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Fedora vs. Ubuntu

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As newer Ubuntu users become more accustomed to their desktop experience, occasionally they decide to try something different—like Fedora. With my previous article, I took a stern look at OpenSUSE vs. Ubuntu. So in this article, I'll explore the differences between Fedora and Ubuntu, along with examining areas where each distribution excels or fails.

Installation Made Simple

One area where both Ubuntu and Fedora have done a great job is in making sure that the operating system's installation is as simple as possible. With both distributions, selecting the desired partitions and continuing with the installation is as easy as clicking "next."

Where things differ, however, is when you're selecting your ISO to download. Fedora provides you with the GNOME desktop, whereas Ubuntu relies on Unity. Both share some things, but for the most part, they're very different user experiences. Personally, I found Unity to be on par with a vanilla GNOME installation, as each provide much of the same functionality.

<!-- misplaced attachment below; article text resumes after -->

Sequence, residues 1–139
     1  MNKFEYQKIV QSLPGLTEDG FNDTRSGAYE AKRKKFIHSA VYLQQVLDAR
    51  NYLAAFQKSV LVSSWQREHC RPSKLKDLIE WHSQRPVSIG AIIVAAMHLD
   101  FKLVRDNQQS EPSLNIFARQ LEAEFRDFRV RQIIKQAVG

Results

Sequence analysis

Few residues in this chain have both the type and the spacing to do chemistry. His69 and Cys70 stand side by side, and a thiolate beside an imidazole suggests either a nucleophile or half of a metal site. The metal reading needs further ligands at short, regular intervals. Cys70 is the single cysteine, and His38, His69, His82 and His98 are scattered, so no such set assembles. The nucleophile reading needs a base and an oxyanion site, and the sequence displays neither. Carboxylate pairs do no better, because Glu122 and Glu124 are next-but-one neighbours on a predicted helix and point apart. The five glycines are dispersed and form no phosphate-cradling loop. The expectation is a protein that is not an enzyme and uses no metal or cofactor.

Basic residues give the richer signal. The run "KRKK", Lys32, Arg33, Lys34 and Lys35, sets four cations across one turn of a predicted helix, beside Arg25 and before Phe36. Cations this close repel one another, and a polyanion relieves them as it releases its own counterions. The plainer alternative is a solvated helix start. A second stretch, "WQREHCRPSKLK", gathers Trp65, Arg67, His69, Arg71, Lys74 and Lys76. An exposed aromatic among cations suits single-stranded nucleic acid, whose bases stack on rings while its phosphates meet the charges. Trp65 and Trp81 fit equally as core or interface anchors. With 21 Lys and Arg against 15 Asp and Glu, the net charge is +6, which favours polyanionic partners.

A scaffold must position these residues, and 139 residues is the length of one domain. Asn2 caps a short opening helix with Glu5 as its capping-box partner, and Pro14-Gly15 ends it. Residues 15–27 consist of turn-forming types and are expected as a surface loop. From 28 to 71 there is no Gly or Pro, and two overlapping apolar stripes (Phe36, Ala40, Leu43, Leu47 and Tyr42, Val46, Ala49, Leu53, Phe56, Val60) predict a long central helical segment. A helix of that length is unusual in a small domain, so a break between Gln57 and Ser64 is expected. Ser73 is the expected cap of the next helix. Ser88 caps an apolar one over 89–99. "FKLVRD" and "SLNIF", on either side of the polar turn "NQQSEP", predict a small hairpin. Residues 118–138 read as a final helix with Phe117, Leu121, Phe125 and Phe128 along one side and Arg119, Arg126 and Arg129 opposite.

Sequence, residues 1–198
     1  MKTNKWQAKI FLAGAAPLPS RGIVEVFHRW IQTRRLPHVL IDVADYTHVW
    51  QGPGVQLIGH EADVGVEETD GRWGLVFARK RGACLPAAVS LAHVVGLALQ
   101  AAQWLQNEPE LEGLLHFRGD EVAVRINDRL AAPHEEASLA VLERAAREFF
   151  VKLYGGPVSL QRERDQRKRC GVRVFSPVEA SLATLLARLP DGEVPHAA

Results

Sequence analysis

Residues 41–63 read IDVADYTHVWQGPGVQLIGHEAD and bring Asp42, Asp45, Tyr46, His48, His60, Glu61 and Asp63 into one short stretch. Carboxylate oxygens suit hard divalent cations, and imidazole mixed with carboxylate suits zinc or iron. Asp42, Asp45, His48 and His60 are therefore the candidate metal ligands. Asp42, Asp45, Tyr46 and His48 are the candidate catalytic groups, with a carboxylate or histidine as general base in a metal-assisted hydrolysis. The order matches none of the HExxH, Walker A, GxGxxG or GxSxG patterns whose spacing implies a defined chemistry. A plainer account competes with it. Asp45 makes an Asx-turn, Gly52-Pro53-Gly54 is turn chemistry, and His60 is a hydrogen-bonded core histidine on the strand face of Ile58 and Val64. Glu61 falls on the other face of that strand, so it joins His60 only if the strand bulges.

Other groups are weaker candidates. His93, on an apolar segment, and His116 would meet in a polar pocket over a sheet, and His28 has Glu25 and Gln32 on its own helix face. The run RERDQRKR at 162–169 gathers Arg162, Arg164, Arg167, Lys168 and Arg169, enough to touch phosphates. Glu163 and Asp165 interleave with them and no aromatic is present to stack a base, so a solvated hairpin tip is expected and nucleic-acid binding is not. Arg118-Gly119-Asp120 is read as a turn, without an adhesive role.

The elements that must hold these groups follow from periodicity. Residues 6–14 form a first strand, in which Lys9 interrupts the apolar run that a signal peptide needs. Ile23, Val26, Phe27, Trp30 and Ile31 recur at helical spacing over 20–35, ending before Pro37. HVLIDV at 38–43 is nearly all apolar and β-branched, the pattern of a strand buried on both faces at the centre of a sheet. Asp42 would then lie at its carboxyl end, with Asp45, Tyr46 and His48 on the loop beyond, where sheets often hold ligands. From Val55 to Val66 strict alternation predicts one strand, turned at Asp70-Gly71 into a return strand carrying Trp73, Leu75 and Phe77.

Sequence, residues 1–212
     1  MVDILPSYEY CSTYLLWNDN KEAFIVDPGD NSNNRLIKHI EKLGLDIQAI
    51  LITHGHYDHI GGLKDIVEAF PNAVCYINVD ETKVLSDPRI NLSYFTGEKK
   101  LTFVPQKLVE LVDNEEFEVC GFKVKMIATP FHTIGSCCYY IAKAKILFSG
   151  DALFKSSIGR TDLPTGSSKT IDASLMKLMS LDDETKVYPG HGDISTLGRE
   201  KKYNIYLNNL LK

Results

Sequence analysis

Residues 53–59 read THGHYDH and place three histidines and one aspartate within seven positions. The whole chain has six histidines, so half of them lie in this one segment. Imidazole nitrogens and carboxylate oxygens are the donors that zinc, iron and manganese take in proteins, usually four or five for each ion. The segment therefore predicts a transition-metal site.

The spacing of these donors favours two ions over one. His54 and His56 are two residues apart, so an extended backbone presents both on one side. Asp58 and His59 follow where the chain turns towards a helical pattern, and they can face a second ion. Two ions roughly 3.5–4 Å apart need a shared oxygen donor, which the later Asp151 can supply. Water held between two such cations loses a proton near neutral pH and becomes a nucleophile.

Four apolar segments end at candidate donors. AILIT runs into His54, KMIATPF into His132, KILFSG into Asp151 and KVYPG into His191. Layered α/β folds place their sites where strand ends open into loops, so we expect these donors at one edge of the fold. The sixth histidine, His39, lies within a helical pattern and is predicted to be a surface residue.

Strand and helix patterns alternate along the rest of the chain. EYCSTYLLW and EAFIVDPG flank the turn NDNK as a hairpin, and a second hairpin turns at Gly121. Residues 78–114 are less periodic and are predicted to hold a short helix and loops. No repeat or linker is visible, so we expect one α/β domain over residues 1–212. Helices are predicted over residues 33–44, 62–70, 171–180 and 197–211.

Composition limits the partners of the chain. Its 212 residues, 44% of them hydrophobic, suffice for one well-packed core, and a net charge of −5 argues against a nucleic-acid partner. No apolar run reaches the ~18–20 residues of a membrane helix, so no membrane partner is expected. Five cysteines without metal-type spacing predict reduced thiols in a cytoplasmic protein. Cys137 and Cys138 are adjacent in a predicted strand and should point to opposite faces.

rest here

dear, dear

Geez, seems like anyone can write these days, blogs be blessed.

"Nothing against Fedora—it's fine—but it just simply doesn't have a well-defined niche these days."

Fedora is a LOCOMOTIVE for a LOT of open source software! A good deal of testing and development (if not most) for the linux kernel, Xorg, Wayland, Gnome and apps, systemd, KVM, libvirt, lxc (and even xen), openstack, freeipa, Libreoffice and COUNTLESS other projects equally important is done on Fedora; not to mention it is THE test bed and source of the "one true" enterprise distro (RHEL). How's that for a "well-defined niche"?

Maybe the author should learn how to "rpm -i adobe-repo.rpm" instead of writing a 2 page of whining.

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Games for GNU/Linux

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Leftovers: Software

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